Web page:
Although iRFP is a well-studied fluorescent protein, the effects of full body expression are so far only characterized in a constitutive mouse model10, which does not allow any control of where and when the iRFP is expressed in vivo. Prior to developing an inducible knock-in mouse model in the near-infrared spectrum, we confirmed that iRFP expression can be robustly detected in a Drosophila model without a requirement for exogenous biliverdin. As expected, we did not observe any reduction in the eclosion rate of Drosophila expressing iRFP under the control of the (ubiquitous) armadillo driver (Supplementary Fig. 1). iRFP was clearly detected in the adult (Fig. 1b, c) in an odyssey near-infrared imager. To test if iRFP is also detectable by microscopy, we imaged the eye and could clearly detect iRFP fluorescence compared to control animals (Supplementary Fig. 1, right panel). Furthermore, we were able to image and quantify iRFP in larvae, pupae and adult Drosophila using the CG (fat body) (Fig. 1d) and tubulin (ubiquitous high expression) (Fig. 1e) drivers. For both drivers, the iRFP signal is clearly detectable and consistent among different animals. To determine whether iRFP can also be detected using drivers targeted to small cell populations, we imaged ELAV11 (neuronal driver) iRFP and control Drosophila at different stages in development. As shown in Fig. 1f, even the relatively small mass of Drosophila central nervous system (CNS) can be detected in live specimens. Taken together this demonstrates that iRFP expression is well tolerated in Drosophila and clearly detectable at all stages of Drosophila development without exogenous biliverdin.

To establish an inducible system for iRFP expression in a mammalian model, we introduced Irfp under the control of a lox-stop-lox (LSL) element into the endogenous Hprt locus (Supplementary Fig. 2) of mouse embryonic stem cells (mESC). In this system the expression of iRFP is under the control of the endogenous Hprt promoter. Using these mESCs, we were able to verify that iRFP fluorescence was detectable upon adenoviral delivery of Cre recombinase (Supplementary Fig. 3) without supplementation of biliverdin to the medium. Encouraged by the signal obtained from a single copy of iRFP, we generated a Hprttm1(CAG-LSL-iRFP) (LSL-iRFP) mouse strain, crossed it to Gt(ROSA)26Sortm2(cre/ERT2)Brn (R26CreERT2) and induced the mice with either a single dose (Fig. 2a middle panel) or 4 doses of tamoxifen (Fig. 2a lower panel). As expected, the iRFP signal could be detected in situ and correlated well with tamoxifen induction (Fig. 2a and Supplementary Fig. 4). Consistent with previous observations10, no side effects or health concerns were detected in iRFP expressing animals after tamoxifen induction. Next, we measured iRFP intensity in isolated organs, to determine how efficiently R26CreERT2 recombinase is induced in different tissues by the tamoxifen regimes. While we could observe a dose dependent increase in relative iRFP signal (Fig. 2b), the level of induction over background varied from tissue to tissue. In the liver (where tamoxifen is metabolized into the active compound) a single dose induces maximum iRFP activity (Fig. 2b), indicating highly efficient Cre recombination in this organ. Most other tissues showed a robust induction of iRFP in response to Cre-induction, with the exception of the brain (Fig. 2b), where the iRFP increase was minimal. These results are consistent with previous work showing that while iRFP can be visualized in the brain if overexpressed12 R26CreERT2 expression is minimal in the adult mouse brain13 and would therefore not induce expression of iRFP.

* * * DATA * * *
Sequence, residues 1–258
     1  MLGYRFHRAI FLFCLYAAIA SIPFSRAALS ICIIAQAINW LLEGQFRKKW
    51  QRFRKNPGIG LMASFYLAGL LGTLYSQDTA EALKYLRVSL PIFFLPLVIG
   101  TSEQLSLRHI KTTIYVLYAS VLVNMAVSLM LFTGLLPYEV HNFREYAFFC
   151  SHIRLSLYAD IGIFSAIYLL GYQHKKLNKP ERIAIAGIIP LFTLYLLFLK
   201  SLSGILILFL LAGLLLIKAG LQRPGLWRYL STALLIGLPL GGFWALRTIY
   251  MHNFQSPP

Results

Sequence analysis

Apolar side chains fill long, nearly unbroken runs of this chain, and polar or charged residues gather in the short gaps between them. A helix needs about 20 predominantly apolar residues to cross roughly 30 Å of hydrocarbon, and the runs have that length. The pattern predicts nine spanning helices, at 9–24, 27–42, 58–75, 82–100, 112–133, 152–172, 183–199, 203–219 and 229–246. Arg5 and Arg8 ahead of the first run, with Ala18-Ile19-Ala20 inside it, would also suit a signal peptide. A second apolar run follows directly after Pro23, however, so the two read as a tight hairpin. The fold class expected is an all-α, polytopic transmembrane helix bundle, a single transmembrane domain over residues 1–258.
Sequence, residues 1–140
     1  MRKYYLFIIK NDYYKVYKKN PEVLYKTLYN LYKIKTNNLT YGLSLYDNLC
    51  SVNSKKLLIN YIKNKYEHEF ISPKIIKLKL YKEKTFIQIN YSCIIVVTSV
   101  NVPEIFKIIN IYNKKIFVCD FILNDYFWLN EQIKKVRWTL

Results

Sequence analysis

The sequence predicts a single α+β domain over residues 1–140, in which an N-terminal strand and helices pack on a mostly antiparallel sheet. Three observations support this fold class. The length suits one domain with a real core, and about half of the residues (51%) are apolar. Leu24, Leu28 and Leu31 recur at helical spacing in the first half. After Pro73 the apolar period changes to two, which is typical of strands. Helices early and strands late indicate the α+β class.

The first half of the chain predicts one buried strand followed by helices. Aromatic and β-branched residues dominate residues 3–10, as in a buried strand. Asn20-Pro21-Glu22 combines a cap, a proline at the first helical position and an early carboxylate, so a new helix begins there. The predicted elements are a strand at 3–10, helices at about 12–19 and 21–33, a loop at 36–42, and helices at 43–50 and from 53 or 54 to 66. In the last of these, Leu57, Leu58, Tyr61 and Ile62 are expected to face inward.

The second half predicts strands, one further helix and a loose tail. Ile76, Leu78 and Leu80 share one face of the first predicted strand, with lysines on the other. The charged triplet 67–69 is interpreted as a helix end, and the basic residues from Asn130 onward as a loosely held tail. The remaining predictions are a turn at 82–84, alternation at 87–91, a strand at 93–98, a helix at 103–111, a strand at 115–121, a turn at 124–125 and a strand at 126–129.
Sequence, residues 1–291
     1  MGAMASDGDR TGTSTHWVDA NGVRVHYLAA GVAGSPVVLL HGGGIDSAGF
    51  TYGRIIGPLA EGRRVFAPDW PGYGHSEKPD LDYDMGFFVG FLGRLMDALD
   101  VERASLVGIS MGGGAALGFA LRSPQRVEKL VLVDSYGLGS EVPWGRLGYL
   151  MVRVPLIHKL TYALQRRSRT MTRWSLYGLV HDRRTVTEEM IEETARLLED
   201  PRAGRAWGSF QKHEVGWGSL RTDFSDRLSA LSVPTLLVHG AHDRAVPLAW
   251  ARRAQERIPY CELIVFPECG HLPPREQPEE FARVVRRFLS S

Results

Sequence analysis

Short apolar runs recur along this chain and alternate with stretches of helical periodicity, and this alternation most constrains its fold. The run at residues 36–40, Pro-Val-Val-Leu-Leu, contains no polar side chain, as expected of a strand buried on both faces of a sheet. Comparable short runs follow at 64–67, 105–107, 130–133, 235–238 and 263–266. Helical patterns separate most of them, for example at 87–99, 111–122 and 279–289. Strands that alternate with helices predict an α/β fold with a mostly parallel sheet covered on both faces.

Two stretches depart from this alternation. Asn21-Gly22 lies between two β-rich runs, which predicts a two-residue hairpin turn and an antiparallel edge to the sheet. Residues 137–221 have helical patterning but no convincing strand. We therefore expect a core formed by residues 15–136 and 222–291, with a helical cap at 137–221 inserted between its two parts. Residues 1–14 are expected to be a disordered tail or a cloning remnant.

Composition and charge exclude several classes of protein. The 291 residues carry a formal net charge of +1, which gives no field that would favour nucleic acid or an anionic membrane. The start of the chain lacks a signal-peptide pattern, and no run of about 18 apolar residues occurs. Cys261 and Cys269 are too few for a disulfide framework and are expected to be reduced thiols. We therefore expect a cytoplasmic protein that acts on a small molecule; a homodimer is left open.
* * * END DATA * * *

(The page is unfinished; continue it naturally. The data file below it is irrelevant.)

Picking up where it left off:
Figure 2
Figure 2

Generation of an inducible iRFP knock-in mouse. (a) Scans from LI-COR PEARL imaging system of control, low or high dose tamoxifen induced R26CreERT2; LSL-iRFP mice. (b) Quantification of individual resected organs on a LI-COR Odyssey. R26CreERT2; LSL-iRFP mice were un-induced (control) or treated with a low or high dose of tamoxifen, sacrificed and the organs resected. First bar: control; second bar: low dose; third bar: high dose. Mean relative to control values (c) of 3 mice were plotted (bar) each point represents one specimen (3 per condition). (c,d,e) Primary mouse intestinal organoid cultures of R26CreERT2; LSL-iRFP animals were prepared and induced with 100 nM 4OHT. Images of representative crypts (c, identical LUTs) and per well quantification (d) as well as individual crypt quantification (e) are shown. (f,g) Pdx1-Cre; LSL-iRFP; KPC pancreatic tumour organoids were cultured and quantified daily. Example images are shown in (f) (identical LUTs) and quantification of 4 replicate wells is shown in (g).

Ectopically expressed iRFP has been shown to be a reliable marker to quantify cell growth in 2D and soft agar assays2. In order to determine if the protein expressed from a single Irfp allele is sufficient to detect and follow cell growth in primary organoids, we generated primary mouse intestinal epithelial organoid cultures (Fig. 2c) and quantified iRFP fluorescence per well (Fig. 2d) and per crypt (Fig. 2e). The signal increased over time in both cases and was clearly detectable at time of seeding. We were also able to measure growth by iRFP quantification in cultured pancreatic tumour organoids grown in matrigel (Fig. 2f and g), demonstrating that a single copy of iRFP is suitable to monitor growth of individual and pools of organoids without addition of exogenous biliverdin.